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Flood control for citizen planners

Michele Zone

BANNED
Messages
7,657
Points
28
There is no longer a citizen planners subforum. I guess this is the best place to post this?

There is a question in a different forum on the internet. A citizen in a small town impacted by Hurricane Harvey is wanting to get volunteers together and find out what can be done because the city isn't doing enough and yadda. He has fairly immediate concerns of more flooding in the near future.

I posted some links to things like the Mainstreet organization, the Catalog of Federal Domestic Assistance and EPA's Watershed Academy. I suggested some search terms etc.

And I have done some digging around and, among other things, pulled up the Wikipedia page on Flood Control. And I'm kind of appalled. It lists dams and canals and tide gates and yadda. These are major infrastructure that take mega bucks to build and lots of time.

I'm an Environmental Resource Management major (never completed the degree) because my thinking is you guild cities rooted in the existing natural environment, so you can't make a city that works if you have no idea how the natural world works. There have to be some low tech things that can be done by ordinary people to mitigate this.

I recently read this article about Sand Dams transforming the deserts in Africa. Different problem space, but the basic idea of what I think is possible.

I have, for example, read that mangroves make excellent coastal protection against some of the terrible stuff hurricanes do. (Linky that I have not yet read just to prove I am not imagining things.)

Of course, you can't plant mangrove trees NOW for little or no money and expect this to protect you next week. But that's kind of the type of thing I would like to find and start putting resources together -- If only as a hobby, even if it doesn't help this particular person.

Surely, there are fairly low cost, low tech, highly effective things that you can tell citizens to do to help mitigate the worst stuff, like "So plant mangrove trees on your property!" Or stuff that helps speed groundwater recharge to reduce overland runoff and clear the flood waters faster. That sort of thing. (This is potentially directly relevant to my actual life since I live at the confluence of two rivers close enough to the ocean that high tide and low tide impact water levels in town.)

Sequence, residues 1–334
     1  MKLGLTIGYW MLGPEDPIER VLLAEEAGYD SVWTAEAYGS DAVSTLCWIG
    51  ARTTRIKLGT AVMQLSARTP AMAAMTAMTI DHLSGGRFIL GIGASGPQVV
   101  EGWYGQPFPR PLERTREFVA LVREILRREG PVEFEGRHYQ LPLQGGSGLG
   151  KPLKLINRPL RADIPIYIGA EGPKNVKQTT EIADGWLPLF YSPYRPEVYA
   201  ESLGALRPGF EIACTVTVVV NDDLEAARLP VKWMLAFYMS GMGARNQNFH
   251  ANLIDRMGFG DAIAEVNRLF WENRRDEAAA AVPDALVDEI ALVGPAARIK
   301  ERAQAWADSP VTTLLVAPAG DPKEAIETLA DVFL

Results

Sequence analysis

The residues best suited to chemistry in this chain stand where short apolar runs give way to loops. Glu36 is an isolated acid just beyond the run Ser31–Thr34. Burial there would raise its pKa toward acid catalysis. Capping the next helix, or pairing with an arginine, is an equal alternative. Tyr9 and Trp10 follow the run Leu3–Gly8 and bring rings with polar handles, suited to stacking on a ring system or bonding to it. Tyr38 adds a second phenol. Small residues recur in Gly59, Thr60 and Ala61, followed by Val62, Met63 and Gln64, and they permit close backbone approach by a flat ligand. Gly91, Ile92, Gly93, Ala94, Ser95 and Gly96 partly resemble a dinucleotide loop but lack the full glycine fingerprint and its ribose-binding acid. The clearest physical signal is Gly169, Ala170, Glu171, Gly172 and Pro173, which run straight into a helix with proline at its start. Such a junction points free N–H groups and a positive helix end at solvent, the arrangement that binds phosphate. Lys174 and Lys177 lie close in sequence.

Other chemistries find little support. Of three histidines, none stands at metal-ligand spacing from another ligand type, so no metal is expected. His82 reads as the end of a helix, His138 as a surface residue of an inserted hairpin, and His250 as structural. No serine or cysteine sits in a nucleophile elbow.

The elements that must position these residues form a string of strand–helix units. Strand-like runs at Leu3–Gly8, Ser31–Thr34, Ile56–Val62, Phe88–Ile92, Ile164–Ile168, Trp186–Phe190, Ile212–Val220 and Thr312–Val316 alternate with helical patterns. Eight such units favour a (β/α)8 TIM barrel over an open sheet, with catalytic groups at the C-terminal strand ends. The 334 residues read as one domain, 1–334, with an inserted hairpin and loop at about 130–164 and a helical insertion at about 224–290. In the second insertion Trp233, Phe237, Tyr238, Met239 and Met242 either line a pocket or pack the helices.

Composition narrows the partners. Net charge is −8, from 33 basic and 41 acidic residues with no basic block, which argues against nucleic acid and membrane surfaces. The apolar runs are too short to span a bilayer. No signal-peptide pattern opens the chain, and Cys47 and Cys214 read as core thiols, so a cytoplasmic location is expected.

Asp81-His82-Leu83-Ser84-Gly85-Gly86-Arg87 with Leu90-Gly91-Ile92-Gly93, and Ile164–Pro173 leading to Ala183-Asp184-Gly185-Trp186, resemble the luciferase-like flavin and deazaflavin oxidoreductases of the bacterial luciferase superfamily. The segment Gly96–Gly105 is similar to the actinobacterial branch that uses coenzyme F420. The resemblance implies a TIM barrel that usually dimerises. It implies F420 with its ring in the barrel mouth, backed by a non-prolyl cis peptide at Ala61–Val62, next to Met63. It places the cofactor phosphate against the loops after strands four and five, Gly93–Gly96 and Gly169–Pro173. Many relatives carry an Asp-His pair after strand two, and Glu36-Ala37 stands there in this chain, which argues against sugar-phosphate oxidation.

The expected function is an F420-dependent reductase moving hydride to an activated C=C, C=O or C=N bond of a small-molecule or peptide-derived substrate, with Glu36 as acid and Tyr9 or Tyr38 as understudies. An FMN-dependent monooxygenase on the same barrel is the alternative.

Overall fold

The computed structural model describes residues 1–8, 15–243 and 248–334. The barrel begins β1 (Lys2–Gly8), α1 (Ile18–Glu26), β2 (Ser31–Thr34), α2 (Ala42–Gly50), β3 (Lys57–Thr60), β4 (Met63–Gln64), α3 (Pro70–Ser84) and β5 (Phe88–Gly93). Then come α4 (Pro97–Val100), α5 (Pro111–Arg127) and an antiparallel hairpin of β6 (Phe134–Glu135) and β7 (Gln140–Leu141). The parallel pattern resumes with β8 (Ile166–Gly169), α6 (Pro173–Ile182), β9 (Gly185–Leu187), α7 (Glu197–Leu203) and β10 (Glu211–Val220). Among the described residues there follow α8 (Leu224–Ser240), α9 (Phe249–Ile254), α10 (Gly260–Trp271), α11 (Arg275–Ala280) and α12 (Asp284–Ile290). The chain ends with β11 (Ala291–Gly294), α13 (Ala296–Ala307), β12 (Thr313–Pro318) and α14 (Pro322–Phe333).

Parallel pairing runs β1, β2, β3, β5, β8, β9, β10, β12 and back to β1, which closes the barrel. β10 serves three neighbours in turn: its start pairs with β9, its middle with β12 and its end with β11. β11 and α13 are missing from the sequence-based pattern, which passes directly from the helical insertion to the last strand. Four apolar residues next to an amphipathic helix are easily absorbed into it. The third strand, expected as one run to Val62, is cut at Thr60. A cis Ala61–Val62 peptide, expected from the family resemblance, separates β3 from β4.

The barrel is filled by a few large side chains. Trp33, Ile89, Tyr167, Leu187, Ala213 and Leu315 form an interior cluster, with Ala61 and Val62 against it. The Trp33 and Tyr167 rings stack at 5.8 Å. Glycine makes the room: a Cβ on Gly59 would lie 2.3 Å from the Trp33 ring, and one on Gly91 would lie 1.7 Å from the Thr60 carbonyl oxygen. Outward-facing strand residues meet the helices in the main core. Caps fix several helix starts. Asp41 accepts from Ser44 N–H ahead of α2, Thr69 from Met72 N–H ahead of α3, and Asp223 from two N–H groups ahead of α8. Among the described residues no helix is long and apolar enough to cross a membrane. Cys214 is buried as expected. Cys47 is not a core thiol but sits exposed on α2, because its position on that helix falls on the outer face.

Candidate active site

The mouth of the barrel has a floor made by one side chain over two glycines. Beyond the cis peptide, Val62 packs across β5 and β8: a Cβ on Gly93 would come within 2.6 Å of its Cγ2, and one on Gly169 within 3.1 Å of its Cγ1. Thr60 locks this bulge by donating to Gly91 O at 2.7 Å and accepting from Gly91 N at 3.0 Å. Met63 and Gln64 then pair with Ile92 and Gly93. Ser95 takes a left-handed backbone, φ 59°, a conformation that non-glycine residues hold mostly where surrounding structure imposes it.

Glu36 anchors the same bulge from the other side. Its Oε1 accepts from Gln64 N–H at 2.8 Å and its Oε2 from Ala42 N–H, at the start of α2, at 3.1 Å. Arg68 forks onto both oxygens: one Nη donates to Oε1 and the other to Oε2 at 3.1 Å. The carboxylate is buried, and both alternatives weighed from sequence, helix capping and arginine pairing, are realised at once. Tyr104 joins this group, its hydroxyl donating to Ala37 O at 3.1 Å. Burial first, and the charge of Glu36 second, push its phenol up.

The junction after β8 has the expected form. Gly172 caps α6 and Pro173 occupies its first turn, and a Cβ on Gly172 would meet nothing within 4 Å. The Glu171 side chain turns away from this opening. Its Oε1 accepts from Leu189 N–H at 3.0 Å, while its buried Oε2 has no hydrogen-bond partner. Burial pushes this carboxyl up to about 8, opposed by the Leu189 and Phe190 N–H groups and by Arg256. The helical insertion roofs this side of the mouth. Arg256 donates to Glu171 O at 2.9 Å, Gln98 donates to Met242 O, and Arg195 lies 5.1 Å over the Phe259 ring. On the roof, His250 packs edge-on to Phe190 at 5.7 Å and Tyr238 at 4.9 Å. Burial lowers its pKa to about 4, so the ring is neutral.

Any idea what kind of sources I should be looking for? I mean I can't be the first human ever to have this thought.

Thanks.
 

DVD

Cyburbian
Messages
13,021
Points
30
I would start with the state NFIP coordinator for advice on flood control like JNA mentioned. They can't help with the political situation, but they have great advice.

Dams and levees are not the answer. You start with zoning controls that prevent development in floodplains add in an ordinance to maintain wetlands and green spaces that help dissipate flood waters and maybe get a good buy out program running.
There are some coastal things that can be done like dunes and man made wetlands, but I'm no expert at that. That's what the NFIP coordinator is for. The big thing is to realize you aren't going to stop the flood. You just give it a place to go that isn't in homes and businesses.
Once you have a group and a plan, go after the city and get it done. Just don't go screaming for a levee.
 

Michele Zone

BANNED
Messages
7,657
Points
28
Thank you!

I still love you people and all of Cyburbia in a completely platonic kind of way. Squee!

:):):)

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